April 24,1998

Finance professor experiments with technology in classroom

Arshad Ahmad isn't resting on his laurels

by Debbie Hum

Finance Professor Arshad Ahmad, well known for his lively lectures and his commitment to teaching, has won Distinguished Teaching Awards from Concordia's Faculty of Commerce and Administration and from McGill University, and best of all, in 1992, the national 3M Fellowship for Excellence in Teaching.

Constantly looking for ways to improve the classroom experience, he has been experimenting with computers in the classroom. He has found that they can lead to more animated discussions -- even, he noted wryly in an interview, on such topics as capital structure theory and dividend policy.

His early experiments encouraged interaction and included activities modelled around games that Ahmad had developed for his lectures. Using the object-oriented software ToolBook, he and colleague Gregory Lypny developed a portfolio-choice game in which students were given play money and chose between different investments based on risk and return.

"This simulation enhanced learning opportunities, and provided the students with valuable information about their inclination to assume risk," Ahmad said. He also designed a lecture that was like Jeopardy, adapting the game show's question-and-answer format to his teaching methods.

"Topics come alive in the classroom once students are engaged in doing things. Simple techniques such as "think-pair-share" (in which student pairs solve problems together), the two-minute exam and the one-minute presentation can dramatically add value to what the student learns," Ahmad said.

With the encouragement of Dean Mohsen Anvari, who is making integration of technology in course design one of the Faculty's top objectives, Ahmad is redesigning his Introduction to Finance course.

He chose FirstClass, a computer-mediated conferencing system that integrates electronic mail with group conferencing, real-time discussions and online communication. This software was first tested at Concordia in the Education Department by Dennis Dicks, who is now Director of the Centre for Instructional Technology.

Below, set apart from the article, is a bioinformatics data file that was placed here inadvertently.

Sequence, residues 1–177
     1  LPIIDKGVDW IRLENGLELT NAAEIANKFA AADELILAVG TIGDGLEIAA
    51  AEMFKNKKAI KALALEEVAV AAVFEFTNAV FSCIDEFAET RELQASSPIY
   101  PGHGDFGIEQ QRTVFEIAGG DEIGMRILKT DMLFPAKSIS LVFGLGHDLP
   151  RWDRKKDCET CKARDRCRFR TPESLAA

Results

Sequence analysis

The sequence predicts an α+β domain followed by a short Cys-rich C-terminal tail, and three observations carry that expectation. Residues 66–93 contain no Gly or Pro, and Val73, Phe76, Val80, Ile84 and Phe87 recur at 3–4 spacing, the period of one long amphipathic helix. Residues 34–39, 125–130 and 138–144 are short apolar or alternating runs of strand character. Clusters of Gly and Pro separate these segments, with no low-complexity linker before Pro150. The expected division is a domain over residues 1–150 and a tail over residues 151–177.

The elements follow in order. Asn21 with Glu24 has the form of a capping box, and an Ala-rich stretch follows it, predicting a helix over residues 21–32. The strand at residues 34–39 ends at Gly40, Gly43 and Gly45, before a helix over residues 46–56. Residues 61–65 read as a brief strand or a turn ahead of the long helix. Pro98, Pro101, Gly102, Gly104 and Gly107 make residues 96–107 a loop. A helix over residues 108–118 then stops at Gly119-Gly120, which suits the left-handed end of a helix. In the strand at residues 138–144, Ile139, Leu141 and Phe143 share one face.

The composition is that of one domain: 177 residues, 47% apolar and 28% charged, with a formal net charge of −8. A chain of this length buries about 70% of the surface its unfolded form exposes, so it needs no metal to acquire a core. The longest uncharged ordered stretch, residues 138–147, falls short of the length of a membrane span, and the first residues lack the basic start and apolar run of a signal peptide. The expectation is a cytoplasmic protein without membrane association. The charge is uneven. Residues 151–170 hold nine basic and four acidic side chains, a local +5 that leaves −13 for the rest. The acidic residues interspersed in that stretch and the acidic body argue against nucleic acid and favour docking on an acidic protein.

Ahmad has used FirstClass to improve teacher-student contact through e-mail and computer conferencing. "Virtual" areas, electronic bulletin boards where students can post examples of their work-in-progress, were used to facilitate peer collaboration. Finally, using the Internet gives students access to information and expertise around the world.

Having used FirstClass successfully for three semesters, including with classes as large as 100 students, Ahmad is "ecstatic." He reported that "students are speaking the language of finance at all hours of the day, and in some cases, long after the course is over."

In one case, he noticed that a visiting francophone student from Université Laval who had been shy about speaking in class was participating freely for the first time, thanks to FirstClass.

This weekend, Ahmad will address delegates from Ontario and Quebec at the Canadian Teachers' Federation conference on the topic of Education and Technology.

Although a proponent of using technology in the classroom, Ahmad is careful to stress that "integrating technology into your pedagogical approach is ultimately an artistic rather than a scientific endeavour. The learning effects are easily confounded and almost impossible to measure." He maintains that "technology should march to the drum called curriculum."

Ahmad, who joined Concordia in 1982, has served on numerous University committees and task forces. During his sabbatical last year, he began his PhD in Education at McGill, concentrating on instructional design and the role of computers in education. He has narrowed his focus to cognitive task analysis in financial expertise literature.

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